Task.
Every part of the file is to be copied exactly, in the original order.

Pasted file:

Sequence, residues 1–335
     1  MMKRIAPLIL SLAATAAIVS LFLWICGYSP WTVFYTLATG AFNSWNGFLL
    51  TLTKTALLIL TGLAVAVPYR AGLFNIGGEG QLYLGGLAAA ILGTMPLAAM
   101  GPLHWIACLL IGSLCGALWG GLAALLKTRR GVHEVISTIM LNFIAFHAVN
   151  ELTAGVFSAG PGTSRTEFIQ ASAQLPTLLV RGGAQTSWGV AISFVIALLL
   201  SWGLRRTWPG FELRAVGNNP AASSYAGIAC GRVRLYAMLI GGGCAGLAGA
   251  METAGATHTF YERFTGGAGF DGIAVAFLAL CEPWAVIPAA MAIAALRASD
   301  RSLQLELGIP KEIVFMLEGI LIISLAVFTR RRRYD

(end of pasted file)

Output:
Sequence, residues 1–335
     1  MMKRIAPLIL SLAATAAIVS LFLWICGYSP WTVFYTLATG AFNSWNGFLL
    51  TLTKTALLIL TGLAVAVPYR AGLFNIGGEG QLYLGGLAAA ILGTMPLAAM
   101  GPLHWIACLL IGSLCGALWG GLAALLKTRR GVHEVISTIM LNFIAFHAVN
   151  ELTAGVFSAG PGTSRTEFIQ ASAQLPTLLV RGGAQTSWGV AISFVIALLL
   201  SWGLRRTWPG FELRAVGNNP AASSYAGIAC GRVRLYAMLI GGGCAGLAGA
   251  METAGATHTF YERFTGGAGF DGIAVAFLAL CEPWAVIPAA MAIAALRASD
   301  RSLQLELGIP KEIVFMLEGI LIISLAVFTR RRRYD